Northern Germany may not be the first place you think of when you think “warm seaside holiday,” but Travemünde might just change your opinion. It’s a gorgeous seaside resort on the Baltic Sea that was once referred to as the “German St. Tropez,” featuring 4.5 kilometres of sugar-sand beaches, challenging golf courses, horseback riding, tennis and diving excursions. Travemünde isn’t currently on the radar, but its charms will entice those looking for a truly luxurious experience.
Travemünde is set in Germany’s northernmost province of Lübeck, where the North Sea meets the Baltic. The borough is located at the mouth of the river Trave, and was originally the site of a fortress built in the 12th century by Henry the Lion, Duke of Saxony.
Since the early 1800s, Travemünde has existed as a seaside resort, and is also Germany’s largest ferry port, connecting Germany with Estonia, Latvia, Finland, Sweden and Russia, The ships traveling in and out of the ferry port provide relaxing entertainment, as well as a steady stream of visitors which give the location an international feel.
The region features a conservation area around Brodtener Steilufer, with bicycle and walking paths. The beaches here are amazingly quiet with breathtaking views of the Baltic Sea. On beautiful summer days, the beach is filled with hundreds of hooded beach chairs used to protect beachgoers from the sun and the wind.
Within an hour’s drive of Lübeck is the Baltic island of Fehmarn, accessed via a beautiful suspension bridge. This holiday resort is semi-famous for being the location of rock legend Jimi Hendrix’s final concert. On September 6, 1970, Hendrix played at the Open Air Love and Peace Festival just weeks prior to his death. Today, a monument stands in Hendrix’s honour, featuring his iconic Fender Stratocaster carved into a block of granite, along with the date.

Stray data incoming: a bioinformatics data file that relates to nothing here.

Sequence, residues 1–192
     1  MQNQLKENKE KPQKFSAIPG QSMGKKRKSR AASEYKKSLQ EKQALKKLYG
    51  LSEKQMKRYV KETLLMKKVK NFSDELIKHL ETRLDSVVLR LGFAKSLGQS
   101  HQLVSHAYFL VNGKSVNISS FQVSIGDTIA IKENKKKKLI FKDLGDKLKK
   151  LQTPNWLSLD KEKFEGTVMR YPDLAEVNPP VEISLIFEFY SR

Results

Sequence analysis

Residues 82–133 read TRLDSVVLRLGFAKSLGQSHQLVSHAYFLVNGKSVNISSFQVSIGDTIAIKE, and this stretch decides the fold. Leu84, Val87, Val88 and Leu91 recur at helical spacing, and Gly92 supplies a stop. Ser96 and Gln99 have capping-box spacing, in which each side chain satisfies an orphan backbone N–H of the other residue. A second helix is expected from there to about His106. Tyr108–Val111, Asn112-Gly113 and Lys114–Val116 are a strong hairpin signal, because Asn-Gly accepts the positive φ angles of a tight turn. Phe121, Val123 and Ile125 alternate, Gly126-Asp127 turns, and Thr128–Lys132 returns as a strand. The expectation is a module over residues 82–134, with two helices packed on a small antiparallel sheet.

Anchored at the mouth of the river Trave is the Flying P-Liner Passat, a floating museum that was an active sailing ship between 1911 and 1957 when it was decommissioned. Flying P-Liners were world-famous ocean-going vessels that got their name because all of the ships constructed by the German shipping company F. Laeisz of Hamburg featured names that began with the letter “P.”
Travemünde is also the host site for the Northern Europe sailing race week known as Travemünde Week, the second-largest sailing race week in Germany. The event has been held since 1892 at the end of July and typically hosts over 3,000 sailors and 800 boats.
July to September is also notable for Sand World, a massive sand sculpture exhibition that takes place on Travemünde’s beautiful beaches.
It’s not the place you’d think to look for in northern Germany, but Travemünde provides a seaside resort that will challenge your expectations of what a vacation can provide. For more information on Travemünde, visit Travemünde Tourism.